Many VAL commands and instructions have optional arguments. For notations, optional arguments are enclosed in square brackets, [ ]. If there is a comma following such an argument, the comma must be retained if the argument is omitted, unless nothing follows. For example, the monitor BASE command has the form:

BASE [<dx>] , [<dy>] , [<dz>] , [<rotation>]

To specify only a 300-millimeter change in the Z direction, the command could be entered in any of the following ways:

  • BASE 0,0,300,0
  • BASE ,,300,
  • BASE ,,300

Note that the commas preceding the number 300 must be present to correctly to relate the number with a Z-direction change. Like angle brackets, square brackets are never entered as part of a command or instruction.

Several types of numerical arguments can appear in commands and instructions. For each type there are restrictions on the values that are accepted by VAL. The following rules should be observed:

  1. Distances are entered to define locations to which the robot is to move. The unit of measure for distances is millimeter, although units are never explicitly entered for any value. Values entered for distances can be positive or negative, with their magnitudes limited by a number representative of the maximum reach of the robot (for example, 1024 mm and 700 mm for the PUMA 500 and PUMA 250 robots, respectively). Within the resultant range, distance values can be specified in increments of 0.01 mm. Note, however, that some values cannot be represented internally, and are stored as the nearest representable value.
  2. Angles in degrees are entered to define and modify orientations the robot is to assume at named locations, and to describe angular positions of robot joints. Angle values can be positive or negative, with their magnitudes limited by 1800 or 3600 depending on the usage. Within the range, angle values can be specified in increments of 0.01°. Values cannot be represented internally, however they are stored as

nearest representable value.

The VAL system[edit]

The function of VAL is to regulate and control a robot system by following user commands or instructions. In addition to being a compact stand-alone system, VAL has been designed to be highly interactive to minimize programing time, and to provide as many programming aids as possible.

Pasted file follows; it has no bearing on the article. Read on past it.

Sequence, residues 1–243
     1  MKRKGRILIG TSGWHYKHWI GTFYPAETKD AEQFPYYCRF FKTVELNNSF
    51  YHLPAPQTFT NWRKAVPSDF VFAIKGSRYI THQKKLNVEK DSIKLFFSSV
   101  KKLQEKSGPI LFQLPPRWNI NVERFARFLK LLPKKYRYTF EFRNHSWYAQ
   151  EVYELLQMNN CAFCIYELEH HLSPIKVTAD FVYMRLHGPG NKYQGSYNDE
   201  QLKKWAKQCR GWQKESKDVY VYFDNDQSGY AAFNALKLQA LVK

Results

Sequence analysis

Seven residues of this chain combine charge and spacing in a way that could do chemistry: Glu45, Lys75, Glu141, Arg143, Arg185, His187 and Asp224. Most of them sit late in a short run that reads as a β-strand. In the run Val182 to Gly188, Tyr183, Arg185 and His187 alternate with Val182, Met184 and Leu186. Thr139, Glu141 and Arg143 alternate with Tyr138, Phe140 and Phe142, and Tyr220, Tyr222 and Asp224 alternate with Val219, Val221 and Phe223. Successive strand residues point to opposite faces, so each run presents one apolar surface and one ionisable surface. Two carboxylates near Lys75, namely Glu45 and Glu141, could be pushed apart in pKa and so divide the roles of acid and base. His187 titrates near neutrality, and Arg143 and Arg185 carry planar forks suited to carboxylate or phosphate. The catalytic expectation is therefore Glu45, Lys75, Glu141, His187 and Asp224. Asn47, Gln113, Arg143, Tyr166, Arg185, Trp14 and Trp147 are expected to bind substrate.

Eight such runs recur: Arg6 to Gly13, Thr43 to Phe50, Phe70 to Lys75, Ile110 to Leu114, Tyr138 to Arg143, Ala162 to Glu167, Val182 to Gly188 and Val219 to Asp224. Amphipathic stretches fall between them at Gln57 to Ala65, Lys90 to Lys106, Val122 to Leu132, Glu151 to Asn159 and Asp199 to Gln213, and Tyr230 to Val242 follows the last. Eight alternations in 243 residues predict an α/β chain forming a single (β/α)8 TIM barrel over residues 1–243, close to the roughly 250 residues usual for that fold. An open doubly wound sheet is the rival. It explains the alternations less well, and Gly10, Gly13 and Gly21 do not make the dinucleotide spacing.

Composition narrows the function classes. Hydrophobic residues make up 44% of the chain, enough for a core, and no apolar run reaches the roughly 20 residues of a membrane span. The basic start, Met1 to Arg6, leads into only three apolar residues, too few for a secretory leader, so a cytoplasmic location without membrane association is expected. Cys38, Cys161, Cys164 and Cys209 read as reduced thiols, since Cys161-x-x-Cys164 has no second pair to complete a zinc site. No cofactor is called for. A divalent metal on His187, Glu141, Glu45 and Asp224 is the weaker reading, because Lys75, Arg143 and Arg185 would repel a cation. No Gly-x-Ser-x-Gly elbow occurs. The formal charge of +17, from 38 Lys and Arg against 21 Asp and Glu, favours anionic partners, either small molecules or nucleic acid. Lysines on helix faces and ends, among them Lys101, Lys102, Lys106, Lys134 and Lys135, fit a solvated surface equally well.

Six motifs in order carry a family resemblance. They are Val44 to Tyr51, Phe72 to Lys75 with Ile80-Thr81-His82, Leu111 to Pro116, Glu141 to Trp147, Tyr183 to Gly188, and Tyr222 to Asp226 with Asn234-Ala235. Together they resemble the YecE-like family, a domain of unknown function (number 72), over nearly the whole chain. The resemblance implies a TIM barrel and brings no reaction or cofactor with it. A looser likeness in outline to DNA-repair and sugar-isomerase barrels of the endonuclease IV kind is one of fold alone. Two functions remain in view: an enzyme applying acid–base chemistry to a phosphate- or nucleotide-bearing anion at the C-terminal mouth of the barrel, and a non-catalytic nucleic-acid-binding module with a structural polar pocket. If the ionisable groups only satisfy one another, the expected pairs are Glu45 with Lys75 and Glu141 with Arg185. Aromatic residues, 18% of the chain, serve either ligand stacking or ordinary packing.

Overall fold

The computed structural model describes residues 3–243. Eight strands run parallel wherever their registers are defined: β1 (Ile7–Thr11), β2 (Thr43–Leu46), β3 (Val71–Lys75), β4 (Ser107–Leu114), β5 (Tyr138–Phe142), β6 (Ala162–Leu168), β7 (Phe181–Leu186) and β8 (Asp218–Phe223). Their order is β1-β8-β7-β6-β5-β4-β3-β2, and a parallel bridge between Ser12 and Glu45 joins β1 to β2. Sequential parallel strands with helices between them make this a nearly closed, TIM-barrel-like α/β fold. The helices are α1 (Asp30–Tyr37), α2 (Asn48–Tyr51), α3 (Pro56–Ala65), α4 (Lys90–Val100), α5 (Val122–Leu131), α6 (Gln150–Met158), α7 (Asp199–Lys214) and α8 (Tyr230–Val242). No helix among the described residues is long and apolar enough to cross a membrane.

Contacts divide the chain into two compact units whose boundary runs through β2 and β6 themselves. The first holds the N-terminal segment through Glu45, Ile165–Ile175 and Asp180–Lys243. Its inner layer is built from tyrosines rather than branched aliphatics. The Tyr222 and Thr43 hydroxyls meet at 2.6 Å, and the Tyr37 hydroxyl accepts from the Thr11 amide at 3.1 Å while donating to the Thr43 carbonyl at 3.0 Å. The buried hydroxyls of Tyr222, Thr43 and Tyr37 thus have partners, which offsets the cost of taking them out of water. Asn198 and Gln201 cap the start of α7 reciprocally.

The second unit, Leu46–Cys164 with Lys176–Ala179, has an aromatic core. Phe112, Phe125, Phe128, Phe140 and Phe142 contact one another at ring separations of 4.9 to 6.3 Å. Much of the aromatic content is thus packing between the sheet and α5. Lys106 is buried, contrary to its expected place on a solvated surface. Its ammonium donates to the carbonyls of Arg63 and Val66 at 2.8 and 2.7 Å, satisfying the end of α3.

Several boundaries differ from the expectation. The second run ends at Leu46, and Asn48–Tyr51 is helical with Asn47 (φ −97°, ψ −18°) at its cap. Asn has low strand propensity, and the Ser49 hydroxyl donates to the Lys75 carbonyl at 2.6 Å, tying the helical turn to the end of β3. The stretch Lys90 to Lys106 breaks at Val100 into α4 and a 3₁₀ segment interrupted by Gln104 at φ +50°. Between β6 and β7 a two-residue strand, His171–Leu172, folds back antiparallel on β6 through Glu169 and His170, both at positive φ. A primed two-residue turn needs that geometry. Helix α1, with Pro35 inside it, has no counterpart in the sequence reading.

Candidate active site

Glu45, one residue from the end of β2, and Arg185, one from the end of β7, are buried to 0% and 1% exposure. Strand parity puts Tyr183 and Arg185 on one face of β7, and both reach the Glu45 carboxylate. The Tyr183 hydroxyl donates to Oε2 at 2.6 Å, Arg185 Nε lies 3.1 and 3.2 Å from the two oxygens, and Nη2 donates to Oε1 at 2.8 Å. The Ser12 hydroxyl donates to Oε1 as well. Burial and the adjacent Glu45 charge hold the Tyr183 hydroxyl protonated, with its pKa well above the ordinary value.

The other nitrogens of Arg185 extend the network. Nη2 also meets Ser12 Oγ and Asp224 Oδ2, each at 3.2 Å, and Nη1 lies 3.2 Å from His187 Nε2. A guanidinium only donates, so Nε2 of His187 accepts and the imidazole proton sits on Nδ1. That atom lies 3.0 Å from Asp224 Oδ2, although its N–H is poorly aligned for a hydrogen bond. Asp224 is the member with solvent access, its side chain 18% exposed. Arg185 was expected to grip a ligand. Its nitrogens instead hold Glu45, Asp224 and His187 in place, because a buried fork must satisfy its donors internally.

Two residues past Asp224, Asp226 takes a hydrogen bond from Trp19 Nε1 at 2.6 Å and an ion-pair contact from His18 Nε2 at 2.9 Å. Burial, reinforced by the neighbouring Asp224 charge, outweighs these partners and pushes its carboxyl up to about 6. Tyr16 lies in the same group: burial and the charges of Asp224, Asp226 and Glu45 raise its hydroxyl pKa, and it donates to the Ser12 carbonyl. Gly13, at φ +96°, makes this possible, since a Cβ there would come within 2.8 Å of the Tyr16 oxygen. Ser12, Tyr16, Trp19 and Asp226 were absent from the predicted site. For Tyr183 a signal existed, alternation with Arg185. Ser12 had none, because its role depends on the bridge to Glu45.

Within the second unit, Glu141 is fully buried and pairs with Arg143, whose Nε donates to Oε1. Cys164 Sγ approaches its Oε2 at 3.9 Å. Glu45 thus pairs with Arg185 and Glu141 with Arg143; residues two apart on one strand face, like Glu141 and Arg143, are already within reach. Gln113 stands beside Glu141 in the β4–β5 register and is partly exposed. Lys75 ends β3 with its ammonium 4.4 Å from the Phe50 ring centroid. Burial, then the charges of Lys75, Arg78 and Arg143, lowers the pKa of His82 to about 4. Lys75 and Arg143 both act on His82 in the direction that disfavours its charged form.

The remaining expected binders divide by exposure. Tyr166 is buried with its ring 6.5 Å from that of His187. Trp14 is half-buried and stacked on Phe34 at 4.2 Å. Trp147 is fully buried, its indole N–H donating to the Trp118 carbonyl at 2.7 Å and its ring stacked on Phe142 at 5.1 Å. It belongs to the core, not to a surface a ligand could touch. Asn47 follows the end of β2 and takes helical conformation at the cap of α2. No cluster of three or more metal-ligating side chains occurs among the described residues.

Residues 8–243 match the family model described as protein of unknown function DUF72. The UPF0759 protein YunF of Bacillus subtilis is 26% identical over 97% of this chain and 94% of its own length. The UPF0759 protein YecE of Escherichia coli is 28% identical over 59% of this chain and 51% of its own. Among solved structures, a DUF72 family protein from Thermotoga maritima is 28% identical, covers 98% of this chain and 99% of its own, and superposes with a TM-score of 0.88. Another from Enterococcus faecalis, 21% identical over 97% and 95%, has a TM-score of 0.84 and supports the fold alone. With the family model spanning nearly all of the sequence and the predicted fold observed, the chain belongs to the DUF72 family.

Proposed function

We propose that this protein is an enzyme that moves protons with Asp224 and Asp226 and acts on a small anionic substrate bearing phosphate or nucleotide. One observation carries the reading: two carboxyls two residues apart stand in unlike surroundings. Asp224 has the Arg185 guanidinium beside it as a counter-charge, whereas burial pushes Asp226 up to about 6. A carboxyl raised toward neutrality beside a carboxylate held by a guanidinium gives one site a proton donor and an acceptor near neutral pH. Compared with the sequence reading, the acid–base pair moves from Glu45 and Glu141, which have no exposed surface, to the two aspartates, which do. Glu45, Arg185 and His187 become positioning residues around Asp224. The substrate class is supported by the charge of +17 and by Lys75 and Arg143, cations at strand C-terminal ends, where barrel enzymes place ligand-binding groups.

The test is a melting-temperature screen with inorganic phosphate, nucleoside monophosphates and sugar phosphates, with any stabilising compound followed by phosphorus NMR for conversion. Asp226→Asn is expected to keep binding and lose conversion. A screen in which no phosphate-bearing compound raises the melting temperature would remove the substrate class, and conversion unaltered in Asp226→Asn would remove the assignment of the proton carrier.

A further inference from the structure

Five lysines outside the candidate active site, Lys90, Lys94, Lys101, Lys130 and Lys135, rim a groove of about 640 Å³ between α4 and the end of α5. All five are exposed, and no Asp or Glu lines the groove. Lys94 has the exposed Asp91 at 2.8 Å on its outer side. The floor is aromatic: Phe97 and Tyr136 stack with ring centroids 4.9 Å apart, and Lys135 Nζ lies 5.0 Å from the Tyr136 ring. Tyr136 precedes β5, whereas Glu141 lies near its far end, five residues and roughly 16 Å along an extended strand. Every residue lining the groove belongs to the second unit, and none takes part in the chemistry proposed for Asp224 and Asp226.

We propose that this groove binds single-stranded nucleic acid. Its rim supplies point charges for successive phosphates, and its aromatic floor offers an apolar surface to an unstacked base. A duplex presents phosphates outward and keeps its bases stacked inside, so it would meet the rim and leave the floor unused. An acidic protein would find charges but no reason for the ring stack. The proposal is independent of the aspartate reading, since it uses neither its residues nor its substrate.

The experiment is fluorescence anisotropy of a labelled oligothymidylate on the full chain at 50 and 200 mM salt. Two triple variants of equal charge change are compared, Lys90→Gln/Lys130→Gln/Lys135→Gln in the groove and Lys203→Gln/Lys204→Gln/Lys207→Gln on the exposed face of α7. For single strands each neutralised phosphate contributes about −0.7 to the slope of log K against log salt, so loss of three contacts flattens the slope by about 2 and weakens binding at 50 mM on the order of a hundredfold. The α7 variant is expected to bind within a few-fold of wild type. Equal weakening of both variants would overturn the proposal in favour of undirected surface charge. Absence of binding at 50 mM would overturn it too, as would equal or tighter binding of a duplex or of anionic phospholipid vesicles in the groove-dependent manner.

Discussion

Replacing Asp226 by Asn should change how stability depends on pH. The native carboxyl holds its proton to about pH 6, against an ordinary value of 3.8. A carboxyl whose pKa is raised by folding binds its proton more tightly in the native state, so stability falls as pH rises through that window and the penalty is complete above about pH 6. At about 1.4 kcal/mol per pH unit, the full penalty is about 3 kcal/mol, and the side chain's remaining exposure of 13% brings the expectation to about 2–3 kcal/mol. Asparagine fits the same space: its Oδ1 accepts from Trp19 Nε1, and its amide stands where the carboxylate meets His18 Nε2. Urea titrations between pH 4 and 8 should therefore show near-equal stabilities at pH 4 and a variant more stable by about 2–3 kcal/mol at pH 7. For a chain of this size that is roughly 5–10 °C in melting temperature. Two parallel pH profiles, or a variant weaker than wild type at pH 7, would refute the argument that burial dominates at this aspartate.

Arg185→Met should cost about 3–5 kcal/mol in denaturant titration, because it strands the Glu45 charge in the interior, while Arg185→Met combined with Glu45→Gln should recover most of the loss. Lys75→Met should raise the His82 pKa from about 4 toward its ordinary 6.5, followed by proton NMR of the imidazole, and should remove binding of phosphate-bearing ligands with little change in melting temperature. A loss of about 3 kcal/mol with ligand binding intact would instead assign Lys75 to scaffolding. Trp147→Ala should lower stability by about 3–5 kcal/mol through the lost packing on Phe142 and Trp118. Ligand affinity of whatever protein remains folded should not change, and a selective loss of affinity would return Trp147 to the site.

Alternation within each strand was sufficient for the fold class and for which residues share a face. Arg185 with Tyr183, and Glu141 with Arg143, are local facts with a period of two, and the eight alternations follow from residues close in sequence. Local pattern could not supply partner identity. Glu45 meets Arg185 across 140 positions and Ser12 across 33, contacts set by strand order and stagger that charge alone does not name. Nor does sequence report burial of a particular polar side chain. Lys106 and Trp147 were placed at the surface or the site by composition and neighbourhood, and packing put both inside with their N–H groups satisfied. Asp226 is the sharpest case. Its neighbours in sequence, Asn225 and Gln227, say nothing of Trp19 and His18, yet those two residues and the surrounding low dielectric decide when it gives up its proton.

External communication[edit]

The standard VAL system uses an operator's console terminal and manual control box to input commands and data from the user. The operator console serves as the primary communication device and can be either a direct play terminal or a printing terminal. Interaction with other devices in an automated cell is typically handled by monitoring input channels and switching outputs. By this means the robot can control a modest cell without the need for other programmable devices.

VAL Operating System[edit]

The controller has two levels or operation:

  • the top level is called the VAL operating system, or monitor, because it administers operations of the system, including interaction with the user;
  • the second level is used for diagnostic work on the controller hardware. The system monitor is a computer program stored VAL programmable read-only memory (PROM) in the Computer/Controller.

PROM memory retains its contents finitely, and thus VAL is immediately available when the controller is switched on. The monitor is responsible for control of the robot, and its commands come from the manual control unit, the system terminal, or from programs. To increase its versatility and flexibility, the VAL monitor can perform of its commands even while a user program is being executed. Commands that can be processed in this way include those for controlling the status the system, defining robot locations, storing and retrieving information the floppy disk, and creating and editing robot control programs.


  • PUMA 560 VAL Manual